Solar eclipses are one of the true wonders of nature. From the innocuous viewing of partial eclipses to the lifetime event of experiencing a total eclipse it is interesting to gain an understanding of the facts behind these sometimes mysterious events.
A basic explanation of what a solar eclipse is that it happens when the moon comes directly between the sun and the earth in either a partial or total fashion. Solar eclipses can only occur during new moons. This is the time of the month when the illuminated surface of the moon lies on the opposite side of the earth. It would seem that this implies a solar eclipse would occur once a month but in actuality the moon’s orbit around the earth is slightly elliptical and tilts varying over an angle of five degrees relative to the earth. The moon only blocks the sun roughly twice a year when the new moon coincides with the tilt of the moon’s orbit lying directly between the earth and the sun. The shadow of the moon is not large enough to cover the total surface of our planet so only a portion of the earth experiences an eclipse at a time.
The difference between the more common partial eclipse and the more dramatic total eclipse is simply that in a total eclipse the moon is directly lined up so that it blocks out the sun in its entirety for a short period of time. Also, because the moon varies in distance from the earth during its orbit with time, it looks larger to the earth during some eclipses and smaller at others. When the moon is close to the earth during a total eclipse a total blockage of the sun’s surface will occur. When the moon is further away it appears smaller and a slight ring of the sun around the moon’s surface is visible. The result is an annular eclipse.
A total eclipse is regarded as one of the true wonders of nature. Near its climax the world is cast into a different kind of darkness with an eerie orange and yellow twilight effect. Just as the sun passes under the cover of the moon the last sliver of the sun breaks into points of light known as Bailey’s Beads. Bailey’s Beads are the last remnants of light passing through the lunar valleys of the moon. Soon the last brilliant bead remains resembling a diamond ring. Finally totality is reached. At this point the actual gases emitted from the sun are visible around the perimeter of the moon at a luminosity equivalent to that of a full moon. The sun is perfectly safe to look at during this time in the form of a black disk in the sky. The magnitude of a total eclipse’s beauty can not be over exaggerated. The eclipse then reverses with the sun once again becoming visible and the sky returning to normal.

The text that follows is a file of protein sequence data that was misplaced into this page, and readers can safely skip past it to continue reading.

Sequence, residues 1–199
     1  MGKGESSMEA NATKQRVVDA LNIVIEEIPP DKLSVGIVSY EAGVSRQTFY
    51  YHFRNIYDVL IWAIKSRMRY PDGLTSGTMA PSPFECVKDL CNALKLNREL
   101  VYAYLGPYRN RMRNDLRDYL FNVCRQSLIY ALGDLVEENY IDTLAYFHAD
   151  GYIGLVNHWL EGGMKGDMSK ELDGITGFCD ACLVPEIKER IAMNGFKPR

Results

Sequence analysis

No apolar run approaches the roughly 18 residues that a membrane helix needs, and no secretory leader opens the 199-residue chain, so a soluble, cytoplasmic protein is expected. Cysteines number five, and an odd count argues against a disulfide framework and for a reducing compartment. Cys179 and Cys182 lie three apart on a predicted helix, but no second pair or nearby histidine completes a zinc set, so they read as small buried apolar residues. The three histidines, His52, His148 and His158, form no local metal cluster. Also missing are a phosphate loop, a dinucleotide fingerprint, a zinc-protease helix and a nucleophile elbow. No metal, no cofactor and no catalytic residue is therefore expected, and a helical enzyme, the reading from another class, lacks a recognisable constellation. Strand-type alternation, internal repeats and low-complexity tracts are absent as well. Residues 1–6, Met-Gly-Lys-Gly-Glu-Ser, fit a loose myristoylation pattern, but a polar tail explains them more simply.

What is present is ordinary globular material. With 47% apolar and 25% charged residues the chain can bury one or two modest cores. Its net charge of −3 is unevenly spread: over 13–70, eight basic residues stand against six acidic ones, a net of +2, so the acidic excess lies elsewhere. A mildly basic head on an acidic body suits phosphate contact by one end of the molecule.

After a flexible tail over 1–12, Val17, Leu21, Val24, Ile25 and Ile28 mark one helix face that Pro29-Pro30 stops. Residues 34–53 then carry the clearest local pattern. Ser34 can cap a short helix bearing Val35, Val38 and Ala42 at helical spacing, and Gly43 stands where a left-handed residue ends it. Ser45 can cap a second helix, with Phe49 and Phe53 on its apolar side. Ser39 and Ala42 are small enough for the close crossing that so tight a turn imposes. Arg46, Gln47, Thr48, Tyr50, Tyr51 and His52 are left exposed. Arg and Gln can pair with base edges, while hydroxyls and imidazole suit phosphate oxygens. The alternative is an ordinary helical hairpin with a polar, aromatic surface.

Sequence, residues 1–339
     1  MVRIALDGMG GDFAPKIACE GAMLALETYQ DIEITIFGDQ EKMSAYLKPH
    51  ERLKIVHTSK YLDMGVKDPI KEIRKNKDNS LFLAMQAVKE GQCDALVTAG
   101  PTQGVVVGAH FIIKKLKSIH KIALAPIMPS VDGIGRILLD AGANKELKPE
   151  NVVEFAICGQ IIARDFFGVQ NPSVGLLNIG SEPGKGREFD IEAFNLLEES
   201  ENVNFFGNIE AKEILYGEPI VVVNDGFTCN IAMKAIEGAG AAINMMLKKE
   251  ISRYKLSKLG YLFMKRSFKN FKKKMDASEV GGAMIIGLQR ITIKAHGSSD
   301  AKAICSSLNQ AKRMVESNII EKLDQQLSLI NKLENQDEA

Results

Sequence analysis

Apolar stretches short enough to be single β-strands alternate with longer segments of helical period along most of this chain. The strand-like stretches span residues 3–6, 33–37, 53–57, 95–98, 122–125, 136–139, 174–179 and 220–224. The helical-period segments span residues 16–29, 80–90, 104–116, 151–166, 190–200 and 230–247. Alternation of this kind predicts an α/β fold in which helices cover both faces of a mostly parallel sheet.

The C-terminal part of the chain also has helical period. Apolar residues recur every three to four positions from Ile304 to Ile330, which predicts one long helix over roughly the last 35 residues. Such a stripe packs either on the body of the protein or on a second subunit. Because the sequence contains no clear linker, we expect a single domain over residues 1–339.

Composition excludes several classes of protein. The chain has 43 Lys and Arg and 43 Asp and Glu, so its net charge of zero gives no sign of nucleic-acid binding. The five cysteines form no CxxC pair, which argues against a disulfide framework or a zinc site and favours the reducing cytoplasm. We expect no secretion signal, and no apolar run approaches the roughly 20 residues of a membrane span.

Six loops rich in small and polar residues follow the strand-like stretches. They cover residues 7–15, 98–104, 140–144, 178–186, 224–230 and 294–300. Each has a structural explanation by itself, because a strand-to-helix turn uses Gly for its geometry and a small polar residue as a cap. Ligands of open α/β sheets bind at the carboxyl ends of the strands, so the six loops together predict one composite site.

During a partial eclipse viewing the sun will cause permanent damage to the retina of the eye. Special techniques such as the use of pinhole cameras or special filters should be used to view the sun at this time. The outer portion of the sun that is visible during a partial eclipse is known as the penumbra. The black inner portion of the eclipse that occurs during total eclipses is termed the umbra.
The occurrence of eclipses is predictable and well known. The known frequencies of exactly identical positions of the moon with respect to the sun and the earth are called the saros of eclipses. Formulas from calculations based on the saros enable astrophysicists to determine both when and where partial and total eclipses will take place. In addition, the percentages of partial to total eclipses, as well as what are called hybrid eclipses, can be determined beforehand. Hybrid eclipses are a combination of both total and annular eclipses which occur along different portions of their paths.
Eclipses are beautiful and precious natural phenomena whose wonder only increases when one understands the science behind them. These solar phenomena evidence the full glory of nature’s grand design.
1) Solar Eclipses for Beginners by Fred Espenak; 2000
2) Eclipses and the Saro; Fred Espenak
3) Totality – Eclipses of the Sun – Second Editio by Mark Littmann, Ken Willcox & Fred Espenak; Publisher: Oxford University Press
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